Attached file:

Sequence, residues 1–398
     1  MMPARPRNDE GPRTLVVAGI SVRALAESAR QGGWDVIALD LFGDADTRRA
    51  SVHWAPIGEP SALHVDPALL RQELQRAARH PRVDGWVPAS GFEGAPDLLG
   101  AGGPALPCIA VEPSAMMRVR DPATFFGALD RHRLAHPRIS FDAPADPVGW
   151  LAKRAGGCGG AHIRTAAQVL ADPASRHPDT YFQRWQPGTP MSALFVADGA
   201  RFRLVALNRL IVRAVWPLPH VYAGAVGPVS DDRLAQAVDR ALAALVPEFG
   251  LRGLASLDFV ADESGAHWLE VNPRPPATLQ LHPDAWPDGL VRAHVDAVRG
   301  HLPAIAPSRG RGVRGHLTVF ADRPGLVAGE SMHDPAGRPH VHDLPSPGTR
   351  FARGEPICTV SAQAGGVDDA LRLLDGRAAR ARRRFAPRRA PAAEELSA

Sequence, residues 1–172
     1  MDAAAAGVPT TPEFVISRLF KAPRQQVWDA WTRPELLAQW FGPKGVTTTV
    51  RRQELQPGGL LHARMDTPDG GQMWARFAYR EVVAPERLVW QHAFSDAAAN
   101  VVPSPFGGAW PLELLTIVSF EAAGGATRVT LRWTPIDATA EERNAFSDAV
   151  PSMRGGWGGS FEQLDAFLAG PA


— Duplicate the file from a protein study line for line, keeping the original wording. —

Sequence, residues 1–398
     1  MMPARPRNDE GPRTLVVAGI SVRALAESAR QGGWDVIALD LFGDADTRRA
    51  SVHWAPIGEP SALHVDPALL RQELQRAARH PRVDGWVPAS GFEGAPDLLG
   101  AGGPALPCIA VEPSAMMRVR DPATFFGALD RHRLAHPRIS FDAPADPVGW
   151  LAKRAGGCGG AHIRTAAQVL ADPASRHPDT YFQRWQPGTP MSALFVADGA
   201  RFRLVALNRL IVRAVWPLPH VYAGAVGPVS DDRLAQAVDR ALAALVPEFG
   251  LRGLASLDFV ADESGAHWLE VNPRPPATLQ LHPDAWPDGL VRAHVDAVRG
   301  HLPAIAPSRG RGVRGHLTVF ADRPGLVAGE SMHDPAGRPH VHDLPSPGTR
   351  FARGEPICTV SAQAGGVDDA LRLLDGRAAR ARRRFAPRRA PAAEELSA

Sequence, residues 1–172
     1  MDAAAAGVPT TPEFVISRLF KAPRQQVWDA WTRPELLAQW FGPKGVTTTV
    51  RRQELQPGGL LHARMDTPDG GQMWARFAYR EVVAPERLVW QHAFSDAAAN
   101  VVPSPFGGAW PLELLTIVSF EAAGGATRVT LRWTPIDATA EERNAFSDAV
   151  PSMRGGWGGS FEQLDAFLAG PA